2019 will be a new start for our Union of 27. We must be ready for it. Time is short to put the new framework into place and make sure that the new programmes are ready to deliver for the EUís citizens and businesses from day one. The new EU budget will be a simpler, more flexible and more focused budget. A budget guided by the principles of prosperity, sustainability 6 , solidarity and security. A budget for a European Union that protects, empowers and defends. A budget that unites and does not divide. A budget that is fair for all Member States. A budget for Europeís future. The work on this needs to start now.
The EU budget has long been a vital source of growth-enhancing investment for the whole of Europe. Even in times of crisis, it has allowed the Union to support growth and job creation and to drive long-term innovation and economic reform. The creation of the European Fund for Strategic Investments (the ďJuncker FundĒ) illustrates well how the EU budget was able to provide a much-needed boost to Europeís economic recovery at a critical moment. The EU budget has also been a decisive part of the response to our many serious challenges, from large-scale migratory flows, to security threats and climate change.
Recent experience has laid bare some weaknesses in the current framework. Despite some improvements, the EU budget is still too rigid. A lack of flexibility has prevented Europe from reacting quickly and effectively enough in a fast-changing world. Complex and divergent funding rules make it harder to access EU funding and divert attention from what really counts: achieving results on the ground. Funds are spread over too many programmes and instruments, both within and outside the budget. More can be done to modernise and simplify the two biggest spending blocks in the budget, the Common Agricultural Policy and Cohesion Policy. Many of the new priorities for a Union that protects, empowers and defends need new, tailored instruments to turn ambitions into reality.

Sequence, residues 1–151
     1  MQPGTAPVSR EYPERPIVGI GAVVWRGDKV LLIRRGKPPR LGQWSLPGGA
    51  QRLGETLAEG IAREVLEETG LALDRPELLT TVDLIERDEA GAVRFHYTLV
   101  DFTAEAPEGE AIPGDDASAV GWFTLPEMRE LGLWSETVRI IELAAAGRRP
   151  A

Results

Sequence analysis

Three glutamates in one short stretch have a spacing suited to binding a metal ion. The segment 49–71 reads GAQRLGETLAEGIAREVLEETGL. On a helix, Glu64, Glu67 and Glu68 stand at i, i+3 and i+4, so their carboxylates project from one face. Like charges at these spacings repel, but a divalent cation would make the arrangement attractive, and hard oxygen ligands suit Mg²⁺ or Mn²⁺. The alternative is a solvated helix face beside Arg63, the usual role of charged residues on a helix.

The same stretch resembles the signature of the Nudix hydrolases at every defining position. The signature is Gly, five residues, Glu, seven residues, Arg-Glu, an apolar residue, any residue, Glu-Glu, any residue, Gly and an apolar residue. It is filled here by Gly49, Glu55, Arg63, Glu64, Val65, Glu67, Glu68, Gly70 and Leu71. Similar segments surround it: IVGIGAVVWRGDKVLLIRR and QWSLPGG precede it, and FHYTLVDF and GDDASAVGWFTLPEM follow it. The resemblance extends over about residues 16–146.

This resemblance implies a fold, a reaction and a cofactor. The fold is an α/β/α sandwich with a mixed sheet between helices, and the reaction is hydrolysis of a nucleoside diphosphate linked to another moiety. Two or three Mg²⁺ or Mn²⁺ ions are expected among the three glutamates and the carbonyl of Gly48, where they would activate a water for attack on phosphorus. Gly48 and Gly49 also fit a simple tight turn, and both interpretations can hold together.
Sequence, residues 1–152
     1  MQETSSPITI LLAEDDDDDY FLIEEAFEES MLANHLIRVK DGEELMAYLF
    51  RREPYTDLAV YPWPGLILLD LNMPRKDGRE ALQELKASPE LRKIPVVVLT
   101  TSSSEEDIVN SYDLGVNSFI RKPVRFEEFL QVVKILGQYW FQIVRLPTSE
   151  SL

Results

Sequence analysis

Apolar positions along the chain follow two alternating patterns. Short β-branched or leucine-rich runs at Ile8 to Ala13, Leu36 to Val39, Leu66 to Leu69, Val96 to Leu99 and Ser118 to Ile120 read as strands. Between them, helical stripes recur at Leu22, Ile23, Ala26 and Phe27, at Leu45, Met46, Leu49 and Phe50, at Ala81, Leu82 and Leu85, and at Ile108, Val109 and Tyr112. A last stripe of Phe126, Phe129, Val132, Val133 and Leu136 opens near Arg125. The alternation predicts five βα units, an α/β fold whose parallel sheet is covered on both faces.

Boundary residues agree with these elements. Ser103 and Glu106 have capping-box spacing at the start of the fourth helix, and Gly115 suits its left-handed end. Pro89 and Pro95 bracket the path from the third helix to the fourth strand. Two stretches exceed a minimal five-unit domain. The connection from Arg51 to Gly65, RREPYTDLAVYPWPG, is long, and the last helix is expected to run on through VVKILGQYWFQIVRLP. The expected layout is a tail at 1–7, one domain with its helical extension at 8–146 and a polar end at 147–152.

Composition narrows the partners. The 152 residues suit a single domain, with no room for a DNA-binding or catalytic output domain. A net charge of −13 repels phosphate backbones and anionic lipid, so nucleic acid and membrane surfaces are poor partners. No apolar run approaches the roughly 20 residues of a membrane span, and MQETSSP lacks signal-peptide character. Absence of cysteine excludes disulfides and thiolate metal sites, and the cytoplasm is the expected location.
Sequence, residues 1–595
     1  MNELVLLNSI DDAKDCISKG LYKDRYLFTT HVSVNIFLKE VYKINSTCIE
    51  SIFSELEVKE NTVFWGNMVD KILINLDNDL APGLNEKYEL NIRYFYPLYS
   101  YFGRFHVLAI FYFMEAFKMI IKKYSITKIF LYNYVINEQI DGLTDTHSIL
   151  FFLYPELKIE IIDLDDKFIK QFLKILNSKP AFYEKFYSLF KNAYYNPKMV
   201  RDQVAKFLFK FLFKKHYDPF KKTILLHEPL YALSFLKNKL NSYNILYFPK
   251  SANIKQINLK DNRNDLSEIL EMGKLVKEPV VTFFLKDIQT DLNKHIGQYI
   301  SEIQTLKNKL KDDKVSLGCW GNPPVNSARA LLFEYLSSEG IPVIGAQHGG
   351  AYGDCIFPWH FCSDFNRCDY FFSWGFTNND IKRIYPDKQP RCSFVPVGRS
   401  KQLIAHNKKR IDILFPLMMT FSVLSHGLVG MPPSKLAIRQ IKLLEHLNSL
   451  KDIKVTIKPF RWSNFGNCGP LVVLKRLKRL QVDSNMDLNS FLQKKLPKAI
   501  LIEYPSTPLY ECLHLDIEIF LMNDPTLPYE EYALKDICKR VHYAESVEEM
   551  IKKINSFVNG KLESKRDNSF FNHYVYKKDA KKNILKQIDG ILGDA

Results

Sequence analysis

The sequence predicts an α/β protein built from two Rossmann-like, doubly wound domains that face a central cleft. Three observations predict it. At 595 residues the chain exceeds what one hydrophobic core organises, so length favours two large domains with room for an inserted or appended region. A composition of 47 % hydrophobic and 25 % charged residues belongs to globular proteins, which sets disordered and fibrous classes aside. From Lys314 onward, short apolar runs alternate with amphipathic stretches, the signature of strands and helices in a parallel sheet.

The main message from the Commissionís extensive consultations has been received loud and clear. A more united, stronger and more democratic Europe needs a new, modern budget. And it needs fresh thinking on how that budget can deliver for people across the Union. The Commissionís thorough spending review 7 has helped to pinpoint what has worked well in the past and what should be preserved in the next budget. But it also revealed where reform is needed to unlock the full potential of the EU budget. Based on this assessment, the Commission is proposing a modern framework and a set of new and reformed programmes shaped by the following principles:
∑A stronger focus on European added value. The EU budget is modest in comparison with the size of the European economy and national budgets. This makes it vital that it invests in areas where the Union can offer real European added value to public spending at national level. Pooling resources can achieve results that Member States acting alone cannot. 8 Examples include cutting-edge research projects that bring together the best researchers from across Europe, or empowering young people and small businesses to take full advantage of the opportunities the Single Market and the digital economy offer. Other instances when pooling resources helps us do more include catalysing key strategic investments. These investments hold the key to Europeís future prosperity and its leadership on the global Sustainable Development Goals. The same is true when it comes to equipping the Union to defend and protect its citizens in a fast-changing world where many of the most pressing issues transcend national borders.
∑A more streamlined and transparent budget. The Commission is proposing a more coherent, focused and transparent framework. The structure of the budget will be clearer and more closely aligned with priorities. The Commission proposes to reduce the number of programmes by more than a third, for example by bringing fragmented funding sources together into new integrated programmes and radically streamlining the use of financial instruments.
∑Less red tape for beneficiaries. The Commission proposes to make rules more coherent on the basis of a single rulebook. 9 This will drastically reduce the administrative burden for beneficiaries and managing authorities. It will facilitate participation in EU programmes and accelerate implementation. It will make it easier for different programmes and instruments to work together to boost the impact of the EU budget. In addition, the Commission will propose to simplify and streamline State aid rules to make it easier to link up instruments from the EU budget with national funding.
∑A more flexible, agile budget. In an unstable geopolitical environment, Europe must be able to respond quickly and effectively to unforeseen demands. The Commission is proposing to build on existing mechanisms to make the budget more agile. This includes increasing flexibility within and between programmes, strengthening crisis management tools and creating a new ďUnion ReserveĒ to tackle unforeseen events and to respond to emergencies in areas such as security and migration.